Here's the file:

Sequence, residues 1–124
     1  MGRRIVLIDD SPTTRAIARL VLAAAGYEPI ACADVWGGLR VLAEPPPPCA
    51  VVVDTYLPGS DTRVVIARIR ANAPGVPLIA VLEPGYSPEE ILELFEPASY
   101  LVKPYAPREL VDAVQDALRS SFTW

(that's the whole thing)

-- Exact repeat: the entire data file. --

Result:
Sequence, residues 1–124
     1  MGRRIVLIDD SPTTRAIARL VLAAAGYEPI ACADVWGGLR VLAEPPPPCA
    51  VVVDTYLPGS DTRVVIARIR ANAPGVPLIA VLEPGYSPEE ILELFEPASY
   101  LVKPYAPREL VDAVQDALRS SFTW